Dragon Ball Z: Legacy of Goku 1, or LoG1, is a top-down Action RPG for the Game Boy Advance– based off of the anime: Dragon Ball Z– and was released in 2002. In LoG1, you control the eponymous Goku as he navigates the events from the show’s first couple of seasons, starting with the beginning of Dragon Ball Z. The game starts with Goku reuniting with all of his old friends from Dragon Ball on Master Roshi’s Island. Shortly after collecting Master Roshi’s nude magazines– in order to get some experience and healing items, no less– Goku’s son, Gohan, gets kidnapped by your space alien brother, Raditz, whom Goku did not know existed.

I think the game really set the wrong first impression by having you collect magazines instead of actually doing meaningful actions. I think the game would have benefitted greatly by using a movie as a quick tutorial– like LoG2 did with the History of Trunks (Bardock: the Father of Goku would’ve been a terrific lead in). Then again this game has no real tutorial, as it never tells you how to play the game. This is especially pertinent because of the young target demographic.

The gameplay is relatively simple. You walk, very slowly, with the D-pad. You can enter a flying mode using R. During which you move faster, but can not attack. B uses your currently selected energy attack, which are switched between using the L button. Holding B will charge your energy attack while consuming energy. A is your melee punch.

A bevy of problems are immediately apparent from the beginning. Goku’s arthritic walking speed makes the game feel sluggish. This combined with how long it takes to kill single enemies effectively destroys the game’s pacing. While flying can ease this to a degree thanks to increased movement speed and the ability to fly at any time, there are so many problems with flying that it only ever feels suffocating. Flying is limited by flying points, or FP. If you run out of FP, you can not fly. To restore FP you must pick up instant consume items throughout the environment. The problem with this is that the placement of said items are often far and between. And even when they are nearby, you walk so slowly that gathering them feels like a nuisance.

If you run out of FP while flying, then one of two things happen. If you are able to land where you are then that is what happens. However, if you can not land where you are at, then you are teleported to where you started flying. This is not only jarring, but can also be frustrating or abusable in combat scenarios. FP feel like an abstract, arbitrary number because it is nearly impossible to gauge how far x FP will get you in the game world. To make matters worse, the game never correctly communicates to you where you can and can not fly. For instance, you can almost never fly left or right over the side of the platform you are currently standing on, but you can– most times– fly up a cliff side. Sadly the game is unforgiving about this. If you think you can fly to the left, only to bound into an invisible barrier, your FP will still be swiftly consumed despite not actually moving (Note: FP is not consumed while you are not pressing a direction). As you level up, your total FP does increase, which mitigates some of these problems, but for a good chunk of the game these problems are prevalent because of how little total FP you have. Still, higher max FP only masks the problems that are clearly there.  

Combat is also extremely unsatisfying. Your melee attacks have extremely small hitboxes, and without any sort of knockback or invincibility frames, melee brawls end with each character’s sprite standing on top of one another while trading blows. You will usually lose these fights because you are squishy and enemies are damage sponges. This means that most fights boil down to slowly ki blasting your foes to death from afar (Death by 1,000 ki blasts!). Most enemies do not seem to have the initiative to even attack you when you are hitting them with ki blasts, so this strategy is effective despite being boring. There is one exception to this, however, and that is the wolf… Wolves are vicious killing machines; present from the start of the game. They will ruthlessly chase you down and attack you. And they will catch you, because they are faster than you. This results in cheap deaths, all of which are early in the game.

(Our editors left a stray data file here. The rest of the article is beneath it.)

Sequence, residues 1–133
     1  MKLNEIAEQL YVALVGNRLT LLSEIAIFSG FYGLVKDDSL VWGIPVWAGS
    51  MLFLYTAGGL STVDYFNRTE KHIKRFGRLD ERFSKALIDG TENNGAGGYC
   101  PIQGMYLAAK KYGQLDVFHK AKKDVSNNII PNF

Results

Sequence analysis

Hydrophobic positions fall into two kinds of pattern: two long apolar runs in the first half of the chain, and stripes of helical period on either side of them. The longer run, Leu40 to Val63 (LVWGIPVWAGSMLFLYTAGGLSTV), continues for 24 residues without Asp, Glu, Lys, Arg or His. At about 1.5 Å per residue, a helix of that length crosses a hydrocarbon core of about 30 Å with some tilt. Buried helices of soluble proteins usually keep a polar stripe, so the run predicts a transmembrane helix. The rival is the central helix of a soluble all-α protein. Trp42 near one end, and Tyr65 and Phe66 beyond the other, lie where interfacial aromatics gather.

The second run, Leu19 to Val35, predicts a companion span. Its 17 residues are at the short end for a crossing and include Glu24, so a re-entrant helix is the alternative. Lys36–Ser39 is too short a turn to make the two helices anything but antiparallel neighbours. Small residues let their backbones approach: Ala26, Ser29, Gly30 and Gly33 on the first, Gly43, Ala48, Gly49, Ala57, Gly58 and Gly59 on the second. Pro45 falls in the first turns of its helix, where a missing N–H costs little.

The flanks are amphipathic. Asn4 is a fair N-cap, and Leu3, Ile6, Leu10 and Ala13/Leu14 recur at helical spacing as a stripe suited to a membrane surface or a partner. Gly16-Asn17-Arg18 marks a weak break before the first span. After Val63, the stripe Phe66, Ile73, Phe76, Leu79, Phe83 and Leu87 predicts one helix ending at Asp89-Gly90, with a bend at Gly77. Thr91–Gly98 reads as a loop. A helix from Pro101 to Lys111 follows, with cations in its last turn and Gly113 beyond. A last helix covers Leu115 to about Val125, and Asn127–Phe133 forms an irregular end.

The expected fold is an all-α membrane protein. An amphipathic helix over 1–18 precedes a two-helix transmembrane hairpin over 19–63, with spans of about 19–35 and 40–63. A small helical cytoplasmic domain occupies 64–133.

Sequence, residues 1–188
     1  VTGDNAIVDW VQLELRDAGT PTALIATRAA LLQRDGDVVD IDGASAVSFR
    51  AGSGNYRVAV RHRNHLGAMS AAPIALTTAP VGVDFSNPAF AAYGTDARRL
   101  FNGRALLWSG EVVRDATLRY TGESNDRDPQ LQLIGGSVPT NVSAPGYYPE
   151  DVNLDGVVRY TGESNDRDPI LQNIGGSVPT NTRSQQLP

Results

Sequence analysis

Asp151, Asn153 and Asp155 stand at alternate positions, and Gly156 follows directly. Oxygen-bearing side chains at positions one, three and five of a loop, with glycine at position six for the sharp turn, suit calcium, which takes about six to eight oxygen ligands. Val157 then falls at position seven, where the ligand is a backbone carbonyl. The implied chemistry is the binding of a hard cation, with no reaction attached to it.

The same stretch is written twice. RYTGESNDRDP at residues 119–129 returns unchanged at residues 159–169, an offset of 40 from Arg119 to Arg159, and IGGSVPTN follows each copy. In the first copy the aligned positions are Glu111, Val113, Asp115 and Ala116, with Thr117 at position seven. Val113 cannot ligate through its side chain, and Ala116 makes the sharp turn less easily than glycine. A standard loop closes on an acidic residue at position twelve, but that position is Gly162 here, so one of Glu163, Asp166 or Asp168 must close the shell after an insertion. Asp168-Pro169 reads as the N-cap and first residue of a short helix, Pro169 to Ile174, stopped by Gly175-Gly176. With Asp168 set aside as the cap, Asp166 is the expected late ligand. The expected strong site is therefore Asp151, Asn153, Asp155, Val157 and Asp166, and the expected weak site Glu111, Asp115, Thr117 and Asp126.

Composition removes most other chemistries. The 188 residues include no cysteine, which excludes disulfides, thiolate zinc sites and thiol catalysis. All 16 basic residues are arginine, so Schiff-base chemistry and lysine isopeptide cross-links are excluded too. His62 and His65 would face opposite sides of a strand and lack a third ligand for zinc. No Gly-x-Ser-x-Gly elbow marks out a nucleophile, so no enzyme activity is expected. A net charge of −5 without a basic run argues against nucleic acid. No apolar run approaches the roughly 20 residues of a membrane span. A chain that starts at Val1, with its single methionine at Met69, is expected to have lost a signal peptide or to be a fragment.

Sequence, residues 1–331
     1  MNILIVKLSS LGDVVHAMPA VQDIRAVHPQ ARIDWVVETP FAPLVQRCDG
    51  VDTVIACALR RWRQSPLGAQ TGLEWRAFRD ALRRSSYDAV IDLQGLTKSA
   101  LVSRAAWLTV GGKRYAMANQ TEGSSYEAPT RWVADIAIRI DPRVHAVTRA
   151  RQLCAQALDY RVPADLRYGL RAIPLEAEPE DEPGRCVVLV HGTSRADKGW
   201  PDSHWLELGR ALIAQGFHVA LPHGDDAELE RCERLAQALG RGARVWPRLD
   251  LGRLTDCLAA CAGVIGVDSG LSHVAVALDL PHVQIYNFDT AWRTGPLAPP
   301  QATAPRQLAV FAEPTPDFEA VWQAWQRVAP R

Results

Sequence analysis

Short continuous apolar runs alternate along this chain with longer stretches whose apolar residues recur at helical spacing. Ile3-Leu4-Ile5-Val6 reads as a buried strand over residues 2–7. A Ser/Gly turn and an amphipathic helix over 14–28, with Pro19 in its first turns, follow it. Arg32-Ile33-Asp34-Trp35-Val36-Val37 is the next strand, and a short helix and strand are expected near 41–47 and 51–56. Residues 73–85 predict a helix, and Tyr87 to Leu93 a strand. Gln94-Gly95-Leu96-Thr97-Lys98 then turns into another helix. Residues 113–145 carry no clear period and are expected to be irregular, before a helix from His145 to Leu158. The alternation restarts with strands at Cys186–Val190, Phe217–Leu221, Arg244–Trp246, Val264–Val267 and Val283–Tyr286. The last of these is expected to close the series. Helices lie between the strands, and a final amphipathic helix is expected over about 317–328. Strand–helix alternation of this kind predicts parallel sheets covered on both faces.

This game also started a general series wide trend: unsatisfying boss battles, which is odd since the emotional and fantastical highpoints, and the main spots where these games are tied to the anime, are based around these battles. For this game, the problem was just more of the same: the base gameplay sucked so bad that there was nothing the boss fights could do to make it better. The extremely long boss fights are only made worse by the fact that, except for the first boss encounter, you are stuck fighting multiple people in a row. The second boss encounter has two people in a row, the third has 4 or 5 people in a row (technically there is a small break between all of these fights, but hardly any) and the 4th and final encounter has 4 forms in a row. It can be extremely difficult to get through these bouts with the limited amount of healing supplies you are allowed to carry, and starting over is nightmarish because of how boring and slow the fights are.

The level design is also predictably nonsensical and bad. Whenever you enter and leave an area all the enemies and items are back again. You need those items back though because the enemies come back. This is not a problem in and of itself. Rather the larger problem is that you feel like you have no impact on the game world; you just play each screen the same way each time you reenter it. In Legacy of Goku 2, this was handled by instead having enemies drop instantly used consumables. In Buu’s Fury, enemies dropped items you could pick up and use later, as well as there being stores where you could buy items with the money you gained from killing enemies. Items, like chests, could only be opened once. Moreover, both sequels restored all of your HP when you leveled up, giving you natural reprieves as you explored. Also, unlike the sequels, each screen is large, so you are bringing back a ton of enemies, which can be a drag when all you want to do is explore a house.